New Studies Challenge Conventional Wisdom on Gig Economy, Skills Gap

New Studies Challenge Conventional Wisdom on Gig Economy, Skills Gap

Over the past decade, particularly in the US, there has been considerable debate over whether the labor market trends we were seeing represented fundamental shifts in the economy or business-cycle responses to the Great Recession that followed the 2008 financial crisis and the long, slow recovery. In new studies, two of these trends—the skills gap and the gig economy—are reconsidered in light of new data, with researchers finding that phenomena they once thought were secular may actually have just been products of the recession after all.

Economists Alan Krueger and Lawrence Katz made headlines in 2016 when they released the results of a survey they had conducted the year before, which found a major jump in the number of Americans making a living in “alternative work” arrangements (i.e., not in regular, full-time employment), though gig economy platforms like Uber made up a small fraction of this contingent labor market. At the time, Krueger and Katz found that around 16 percent of the American workforce were engaged in this type of work, compared to 10 percent in 2005. Follow-up work indicated that alternative work accounted for almost all of the jobs created since 2005.

Now, the leading economists of the gig economy say their initial study overestimated its impact, the Wall Street Journal reported this week. In a new paper, Krueger and Katz look at new evidence and conclude that their 2015 survey overstated the size of the contingent workforce because of a weak labor market and the impact of the recession. Many of the alternative jobs they counted were stopgap jobs people took to make ends meet while they were unable to find full-time work. Once the economy and their job prospects improved, these gig workers returned to more traditional employment. The vast difference in the health of the US economy between 2005 and 2015 skewed the data.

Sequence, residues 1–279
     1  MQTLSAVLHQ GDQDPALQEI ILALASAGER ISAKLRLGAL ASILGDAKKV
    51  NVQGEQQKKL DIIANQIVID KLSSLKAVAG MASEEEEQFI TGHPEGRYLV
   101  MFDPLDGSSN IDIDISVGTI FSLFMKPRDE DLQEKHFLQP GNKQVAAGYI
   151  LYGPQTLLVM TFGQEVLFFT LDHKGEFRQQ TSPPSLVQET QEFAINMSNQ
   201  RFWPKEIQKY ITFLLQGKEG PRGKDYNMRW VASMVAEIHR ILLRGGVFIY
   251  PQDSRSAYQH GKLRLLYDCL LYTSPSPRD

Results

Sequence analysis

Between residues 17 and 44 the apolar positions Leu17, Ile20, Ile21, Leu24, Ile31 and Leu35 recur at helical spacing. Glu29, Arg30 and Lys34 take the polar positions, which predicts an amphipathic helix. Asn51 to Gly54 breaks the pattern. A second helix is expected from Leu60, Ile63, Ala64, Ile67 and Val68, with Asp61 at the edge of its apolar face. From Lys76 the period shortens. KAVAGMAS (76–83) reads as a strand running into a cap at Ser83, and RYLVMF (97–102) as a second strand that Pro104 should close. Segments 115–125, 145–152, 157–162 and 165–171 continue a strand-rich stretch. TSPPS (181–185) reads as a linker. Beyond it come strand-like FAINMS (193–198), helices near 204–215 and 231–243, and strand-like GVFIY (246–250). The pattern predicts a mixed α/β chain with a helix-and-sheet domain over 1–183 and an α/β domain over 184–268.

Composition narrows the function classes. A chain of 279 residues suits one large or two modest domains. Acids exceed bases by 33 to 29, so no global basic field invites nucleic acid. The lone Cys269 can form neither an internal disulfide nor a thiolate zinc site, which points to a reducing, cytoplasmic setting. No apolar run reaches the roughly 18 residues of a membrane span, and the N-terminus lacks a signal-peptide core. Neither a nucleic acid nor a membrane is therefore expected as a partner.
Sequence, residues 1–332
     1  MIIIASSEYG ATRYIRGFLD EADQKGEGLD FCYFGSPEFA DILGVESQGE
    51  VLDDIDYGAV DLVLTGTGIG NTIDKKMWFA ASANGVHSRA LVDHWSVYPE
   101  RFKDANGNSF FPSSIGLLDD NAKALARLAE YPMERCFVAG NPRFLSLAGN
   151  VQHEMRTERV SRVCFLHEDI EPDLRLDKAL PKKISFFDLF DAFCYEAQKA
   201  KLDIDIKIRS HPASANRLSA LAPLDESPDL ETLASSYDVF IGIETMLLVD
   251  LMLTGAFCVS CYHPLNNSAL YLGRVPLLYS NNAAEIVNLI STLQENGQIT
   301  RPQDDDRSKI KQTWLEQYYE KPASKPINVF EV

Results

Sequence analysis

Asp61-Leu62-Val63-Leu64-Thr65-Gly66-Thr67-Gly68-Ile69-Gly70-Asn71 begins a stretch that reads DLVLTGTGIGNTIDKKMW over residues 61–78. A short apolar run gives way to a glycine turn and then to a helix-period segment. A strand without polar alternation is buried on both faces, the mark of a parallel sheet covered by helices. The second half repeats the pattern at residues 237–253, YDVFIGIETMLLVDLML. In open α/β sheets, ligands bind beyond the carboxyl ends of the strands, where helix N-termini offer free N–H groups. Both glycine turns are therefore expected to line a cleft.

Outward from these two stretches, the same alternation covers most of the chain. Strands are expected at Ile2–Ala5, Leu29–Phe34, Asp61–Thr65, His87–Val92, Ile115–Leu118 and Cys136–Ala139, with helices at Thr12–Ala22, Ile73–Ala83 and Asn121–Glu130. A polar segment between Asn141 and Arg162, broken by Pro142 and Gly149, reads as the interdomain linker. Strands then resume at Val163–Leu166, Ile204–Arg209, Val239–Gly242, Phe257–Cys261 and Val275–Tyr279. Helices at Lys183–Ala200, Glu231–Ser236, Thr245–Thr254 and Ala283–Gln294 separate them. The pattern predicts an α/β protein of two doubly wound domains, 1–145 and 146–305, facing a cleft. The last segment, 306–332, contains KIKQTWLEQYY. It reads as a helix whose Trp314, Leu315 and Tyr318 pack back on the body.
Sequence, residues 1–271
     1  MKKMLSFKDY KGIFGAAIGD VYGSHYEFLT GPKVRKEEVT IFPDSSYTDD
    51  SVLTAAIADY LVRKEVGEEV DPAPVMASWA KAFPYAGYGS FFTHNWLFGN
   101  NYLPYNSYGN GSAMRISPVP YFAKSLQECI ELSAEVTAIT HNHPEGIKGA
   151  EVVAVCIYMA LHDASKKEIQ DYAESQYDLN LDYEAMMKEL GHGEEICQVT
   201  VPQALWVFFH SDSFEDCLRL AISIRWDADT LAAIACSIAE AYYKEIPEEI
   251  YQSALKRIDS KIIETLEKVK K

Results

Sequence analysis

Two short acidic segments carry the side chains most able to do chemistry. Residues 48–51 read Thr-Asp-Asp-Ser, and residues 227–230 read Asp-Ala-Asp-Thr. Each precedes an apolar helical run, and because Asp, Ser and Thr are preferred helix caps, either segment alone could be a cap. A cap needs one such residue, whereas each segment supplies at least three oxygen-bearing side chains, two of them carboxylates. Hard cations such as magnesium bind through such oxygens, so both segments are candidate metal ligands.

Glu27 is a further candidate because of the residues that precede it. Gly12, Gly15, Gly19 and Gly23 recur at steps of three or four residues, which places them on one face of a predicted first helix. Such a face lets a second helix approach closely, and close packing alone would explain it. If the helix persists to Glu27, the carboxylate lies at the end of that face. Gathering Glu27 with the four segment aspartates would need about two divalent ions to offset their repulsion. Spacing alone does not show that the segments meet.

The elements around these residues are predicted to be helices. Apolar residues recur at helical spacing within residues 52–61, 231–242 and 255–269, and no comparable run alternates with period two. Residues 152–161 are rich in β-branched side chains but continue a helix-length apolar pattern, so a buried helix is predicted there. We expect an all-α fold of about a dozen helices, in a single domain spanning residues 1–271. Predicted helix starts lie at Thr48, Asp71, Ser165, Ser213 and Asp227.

Accordingly, the economists now revise their estimate of the growth of alternative work during that period to a 1 or 2 percentage-point increase, not 5. This brings their findings more in line with other recent studies that have painted more modest pictures of the gig economy—including the Bureau of Labor Statistics’ 2017 Contingent Worker Supplement survey, which claimed the alternative workforce had actually shrunk since the last time the survey was conducted in 2005. At the same time, Krueger and Katz argue in their new paper that the surveys used to measure alternative work arrangements, including those conducted by the Labor Department, are seriously flawed (the huge gap in the BLS data due to the dozen years when the survey wasn’t conducted is part of the problem).

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